In other words, in order to get something done, we have to choose one and only one thing to concentrate on, discarding uncertainty and distractions. The problem with this is that our lives don’t present us with one and only one thing to do at a time: often we’ll have several things that need our attention, all of them important, with new ones coming in all the time. How do we reconcile our single-focus brain with a wide variety of tasks? We need to narrow our focus to only one thing at a time, and to do that we need to temporarily dismiss everything else. We also need to have an easy way to move on to the next thing once we’re done the current task.

We often don’t do this. Often we start one task, shift to another task, check e-mail, remember something we wanted to get out of a drawer, get up to get it, get involved in a conversation, forget what we got up to fetch … in other words, we let our attention shift from one thing to another, requiring a complete brain reorientation every time.

The discipline of getting a lot of different things done, then, is a discipline of choosing one thing and ignoring everything else. If you don’t know what the one thing to choose is, the answer is easy: focus your attention on prioritizing your next selection. Putting the extra attention in the choice makes it easier to focus once you move on to doing the thing you selected, because you’ve already had the chance to consider and reject all the other things that you could be doing for that moment.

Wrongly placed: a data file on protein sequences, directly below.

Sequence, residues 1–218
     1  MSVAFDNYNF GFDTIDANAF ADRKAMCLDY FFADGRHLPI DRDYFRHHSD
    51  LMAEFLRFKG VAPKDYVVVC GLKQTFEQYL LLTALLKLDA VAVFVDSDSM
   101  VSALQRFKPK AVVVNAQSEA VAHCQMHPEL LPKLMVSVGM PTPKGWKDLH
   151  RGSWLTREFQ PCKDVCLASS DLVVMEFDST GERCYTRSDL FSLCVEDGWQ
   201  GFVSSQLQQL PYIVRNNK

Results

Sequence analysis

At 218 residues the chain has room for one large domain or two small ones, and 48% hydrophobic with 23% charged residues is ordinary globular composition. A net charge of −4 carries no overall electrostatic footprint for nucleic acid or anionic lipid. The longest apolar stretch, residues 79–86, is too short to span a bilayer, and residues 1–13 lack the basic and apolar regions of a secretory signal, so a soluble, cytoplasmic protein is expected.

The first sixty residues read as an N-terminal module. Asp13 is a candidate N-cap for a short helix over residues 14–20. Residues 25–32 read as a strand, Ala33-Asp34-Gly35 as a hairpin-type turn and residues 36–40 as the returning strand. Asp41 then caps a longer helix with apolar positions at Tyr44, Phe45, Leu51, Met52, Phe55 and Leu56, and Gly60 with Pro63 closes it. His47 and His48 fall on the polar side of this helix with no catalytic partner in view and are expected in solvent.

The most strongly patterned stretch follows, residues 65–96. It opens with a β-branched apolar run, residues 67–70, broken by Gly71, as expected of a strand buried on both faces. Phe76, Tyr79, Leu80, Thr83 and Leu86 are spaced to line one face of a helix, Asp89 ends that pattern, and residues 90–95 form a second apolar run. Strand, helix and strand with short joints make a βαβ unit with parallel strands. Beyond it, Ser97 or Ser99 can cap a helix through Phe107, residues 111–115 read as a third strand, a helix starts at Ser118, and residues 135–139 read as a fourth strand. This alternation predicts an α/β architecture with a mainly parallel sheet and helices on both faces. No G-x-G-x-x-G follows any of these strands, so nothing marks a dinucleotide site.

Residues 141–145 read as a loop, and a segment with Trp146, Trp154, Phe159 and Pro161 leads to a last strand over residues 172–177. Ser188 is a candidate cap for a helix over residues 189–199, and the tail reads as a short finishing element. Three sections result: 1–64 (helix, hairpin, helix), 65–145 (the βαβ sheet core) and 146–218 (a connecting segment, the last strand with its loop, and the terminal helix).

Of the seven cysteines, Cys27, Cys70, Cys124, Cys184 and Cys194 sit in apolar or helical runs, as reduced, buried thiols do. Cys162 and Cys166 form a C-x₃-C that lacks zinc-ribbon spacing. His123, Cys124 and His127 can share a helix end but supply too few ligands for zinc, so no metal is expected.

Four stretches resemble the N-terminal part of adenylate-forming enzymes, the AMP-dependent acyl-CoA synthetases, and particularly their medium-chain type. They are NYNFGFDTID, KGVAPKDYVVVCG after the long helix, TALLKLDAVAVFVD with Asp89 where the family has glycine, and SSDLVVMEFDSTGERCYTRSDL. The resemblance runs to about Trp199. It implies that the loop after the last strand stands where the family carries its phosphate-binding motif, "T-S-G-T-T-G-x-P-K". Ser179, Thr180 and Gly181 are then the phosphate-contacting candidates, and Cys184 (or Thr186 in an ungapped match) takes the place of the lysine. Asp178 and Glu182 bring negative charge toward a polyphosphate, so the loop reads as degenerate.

To get an extra boost of productivity from there, it’s sometimes possible to keep a queue of maybe up to three or four things in your mind. As soon as you’re done the first one, focus fully on the next, and so on. This can be fluid: you can change the order before you start doing something, but once you start, try to stick with it to the end unless things change drastically. Once you get your focus on something else, it’s not always easy to bring it back, so each time you focus your attention, focus it completely and confidently, knowing that you’ve chosen the object of your attention carefully. The secret to doing a lot of different things is to not try to do them all at once.